As I’ve mentioned in previous posts, my husband and I are currently following Dave Ramsey’s baby steps to achieve financial freedom. http://www.daveramsey.com/new/baby-steps
Our main goal for the next few years is to be debt free. We are currently finishing saving for our Emergency Fund, and as soon as that is finished, we will begin to attack our debts from smallest to largest until all of them are paid off. In order to do this, we did a 180 from the way we dealt with our finances before. No matter how much debt you are in, you can achieve financial freedom and become debt free. Here are 5 steps you can take to kickstart your debt free journey:
- Sit down with your spouse and come up with a monthly budget (If you're single, find someone to hold you accountable). Extra money should go towards saving for an emergency fund and then debt repayment. Try to live on as little as you can, so that you can be debt free within the next few years. Do make sure that your budget is realistic though – you need to actually be able to live on the amounts you have set aside for each category. If you don’t leave yourself enough for groceries, you will have to pull money from another category or get into more debt to be able to eat. Then you will be in more financial trouble than when you started.
- Resolve to live on cash only while you are paying down your debts. It is much easier to overspend when you are constantly swiping your credit or debit card and can't actually see your money disappearing when you spend it. In order to do so, take out cash for each budget category that isn’t a payment set up on automatic withdrawal (some examples of categories would be groceries, gas, clothing, entertainment with friends, etc). Put the amount for each category into its own envelope. When the money in that envelope is gone, you can’t spend any more money from that category until the next month (or next pay cheque – depending on your budget and pay schedule).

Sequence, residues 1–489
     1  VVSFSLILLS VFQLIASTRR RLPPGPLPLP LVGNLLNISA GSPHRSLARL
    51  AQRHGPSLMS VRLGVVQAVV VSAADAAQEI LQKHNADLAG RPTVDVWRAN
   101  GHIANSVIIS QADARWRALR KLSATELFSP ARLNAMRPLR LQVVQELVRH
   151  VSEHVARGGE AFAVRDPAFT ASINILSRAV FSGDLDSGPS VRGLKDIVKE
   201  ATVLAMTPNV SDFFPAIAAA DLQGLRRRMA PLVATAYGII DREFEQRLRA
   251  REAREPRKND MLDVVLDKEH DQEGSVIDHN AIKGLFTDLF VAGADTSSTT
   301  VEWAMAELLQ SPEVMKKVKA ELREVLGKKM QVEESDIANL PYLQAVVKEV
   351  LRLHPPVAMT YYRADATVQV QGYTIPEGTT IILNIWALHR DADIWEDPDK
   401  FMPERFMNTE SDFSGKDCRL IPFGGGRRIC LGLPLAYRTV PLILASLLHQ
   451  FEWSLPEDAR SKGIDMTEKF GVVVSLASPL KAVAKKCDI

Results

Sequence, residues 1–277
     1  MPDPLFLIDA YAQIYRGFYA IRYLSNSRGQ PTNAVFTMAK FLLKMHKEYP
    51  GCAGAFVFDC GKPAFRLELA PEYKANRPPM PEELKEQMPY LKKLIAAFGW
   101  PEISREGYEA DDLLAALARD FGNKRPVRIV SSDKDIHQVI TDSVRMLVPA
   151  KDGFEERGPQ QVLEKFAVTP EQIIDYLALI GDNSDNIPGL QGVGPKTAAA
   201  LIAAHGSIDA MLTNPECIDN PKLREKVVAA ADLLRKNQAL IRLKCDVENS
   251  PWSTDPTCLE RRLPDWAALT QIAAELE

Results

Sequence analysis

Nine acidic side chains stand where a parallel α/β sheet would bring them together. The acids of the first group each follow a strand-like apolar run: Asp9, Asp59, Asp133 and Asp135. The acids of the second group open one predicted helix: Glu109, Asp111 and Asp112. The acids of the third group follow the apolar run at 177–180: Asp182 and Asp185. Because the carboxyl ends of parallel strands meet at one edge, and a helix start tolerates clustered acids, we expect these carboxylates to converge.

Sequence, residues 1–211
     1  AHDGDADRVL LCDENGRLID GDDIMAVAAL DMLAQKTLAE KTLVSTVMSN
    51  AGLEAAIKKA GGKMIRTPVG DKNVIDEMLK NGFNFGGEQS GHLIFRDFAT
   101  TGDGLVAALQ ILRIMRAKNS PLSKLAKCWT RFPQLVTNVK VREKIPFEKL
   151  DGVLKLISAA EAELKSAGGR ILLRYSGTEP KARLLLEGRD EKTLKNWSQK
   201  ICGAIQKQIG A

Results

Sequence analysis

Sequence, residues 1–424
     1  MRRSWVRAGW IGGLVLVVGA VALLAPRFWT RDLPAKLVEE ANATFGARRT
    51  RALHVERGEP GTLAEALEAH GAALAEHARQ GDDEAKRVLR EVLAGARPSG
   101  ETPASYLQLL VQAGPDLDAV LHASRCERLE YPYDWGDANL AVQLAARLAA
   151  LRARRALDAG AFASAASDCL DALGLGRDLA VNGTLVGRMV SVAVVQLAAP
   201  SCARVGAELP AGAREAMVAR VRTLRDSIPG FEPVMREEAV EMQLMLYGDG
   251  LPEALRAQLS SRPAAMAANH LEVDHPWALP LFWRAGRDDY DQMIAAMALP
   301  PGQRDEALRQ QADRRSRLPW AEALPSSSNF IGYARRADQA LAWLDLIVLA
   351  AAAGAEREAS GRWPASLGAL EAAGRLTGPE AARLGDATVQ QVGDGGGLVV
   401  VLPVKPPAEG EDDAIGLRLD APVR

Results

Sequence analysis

- Take stock of what you own and see if you have items you can sell. Maybe you have an extra car that you own but don’t really need, or extra furniture, or computer equipment, or even a vacation property. If you are really serious about getting out of debt, you can sell what you don’t need and put that money towards your emergency fund and then towards your debts.
- Set up a meeting with your bank to review your account type and charges to see if there is any way you can save money. You might be paying a high monthly fee for a bank account that comes with features you don’t need (such as a certain number of withdrawals per month, overseas transfers, or a safety deposit box). If you talk to a representative at your bank, you can see if you can switch to a different account that you will be charged less for.
- Analyze your spending over the past few months and determine where you can cut costs. My husband and I don’t have cable, and we also got rid of our cell phones in order to save money. That may sound extreme, but we have quickly learned that you have to make sacrifices in order to pay off debt, and we save a lot of money each month by using a landline instead of two cell phones. Is there anything you are spending money on that is a luxury and not a necessity? Maybe you can sacrifice getting your hair cut at the expensive salon and opt for a cut at a cheap salon instead. I have done that, and I have had fantastic service for less than half the price I used to pay.
Are you struggling financially? If so, I strongly recommend reading Dave Ramsey’s book, “The Total Money Makeover.” http://www.daveramsey.com/store/prod326.html?ictid=gc8.326.C11